What happens in the next 12 months will likely be scrutinized more than any Apple endeavour since the company's founding. I still find it odd how a company with less than 5% marketshare in the computer sector demands so much attention, but they were the first computer maker to brand a personal computer as "cool" and then as an essential part of the "digital lifestyle." I just hope all this hoopla isn't for nothing. I hope they enter 2007 stronger than they have been. After all, Longhorn will probably be (again) just around the corner, due to arrive some time in late 2007 early 2008.


Posted by GiromiDe @ 1:10 PM
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Thursday, June 09, 2005


Stealth Marketing by Apple and Intel?

Consider this summary of points and conclusion at The Shape of Days. I think Mr. Harrell's Spider Sense is well tuned on this one. This is how large corporations can leverage public processes they deem not in their favor to benefit not only themselves but the public in general. Everyone gets a taste of Mac OS X 10.4.1 for free on any old Intel machine. If only the RIAA were this reasonable or intelligent.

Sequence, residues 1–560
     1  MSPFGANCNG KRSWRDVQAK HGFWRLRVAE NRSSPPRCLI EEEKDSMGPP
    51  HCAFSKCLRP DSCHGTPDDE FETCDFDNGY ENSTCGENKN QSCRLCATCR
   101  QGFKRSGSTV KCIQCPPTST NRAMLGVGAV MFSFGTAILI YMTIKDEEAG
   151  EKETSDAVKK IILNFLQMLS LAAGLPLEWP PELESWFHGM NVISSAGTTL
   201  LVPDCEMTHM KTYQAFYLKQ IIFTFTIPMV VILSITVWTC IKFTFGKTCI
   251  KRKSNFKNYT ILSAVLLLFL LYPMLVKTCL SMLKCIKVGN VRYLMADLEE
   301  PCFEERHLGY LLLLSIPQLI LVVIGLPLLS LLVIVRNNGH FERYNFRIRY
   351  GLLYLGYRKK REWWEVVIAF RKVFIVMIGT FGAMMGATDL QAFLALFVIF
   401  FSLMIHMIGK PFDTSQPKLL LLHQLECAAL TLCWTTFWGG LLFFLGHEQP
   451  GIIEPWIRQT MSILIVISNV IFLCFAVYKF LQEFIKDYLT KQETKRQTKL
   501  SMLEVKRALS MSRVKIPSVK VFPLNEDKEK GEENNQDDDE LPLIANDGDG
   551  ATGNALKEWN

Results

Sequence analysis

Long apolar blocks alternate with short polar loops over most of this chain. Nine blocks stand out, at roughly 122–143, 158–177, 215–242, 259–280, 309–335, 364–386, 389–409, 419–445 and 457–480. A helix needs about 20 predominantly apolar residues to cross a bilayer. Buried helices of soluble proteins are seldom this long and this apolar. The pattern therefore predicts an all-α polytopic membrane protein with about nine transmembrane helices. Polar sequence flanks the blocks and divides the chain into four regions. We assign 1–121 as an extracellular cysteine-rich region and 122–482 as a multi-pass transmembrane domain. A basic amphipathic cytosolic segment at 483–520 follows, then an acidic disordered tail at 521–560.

Posted by GiromiDe @ 10:30 AM
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Wednesday, June 08, 2005


Google Biography Game

My dear friend and fellow Brain Pirate Josh offers the Google Biography Game. The rules are simple:
  1. Go to Google and look up "[your name] is". For example, "Regis is".
  2. Look at the phrases in the synopses. It's your very own random biography!
  3. Post them here or here.
According to the first page of my Google Biography Game search, I am...

  • ...the author of Design for Community
  • ...'friend of Camilla'
  • ...a wonderful speaker with mind-boggling information
  • ...the first black master of foxhounds in the New Forest
  • ...a Century 21 Realtor located in the Kootenays that can help you with all your Castlegar real estate and realty needs
  • ...a star
  • ...best known for his skills on the harp
  • ...the son of B.B.C. Northern Dance Orchestra arranger Pat Nash
  • ...a founding member of the Association of Professional Futurists


Posted by GiromiDe @ 12:30 PM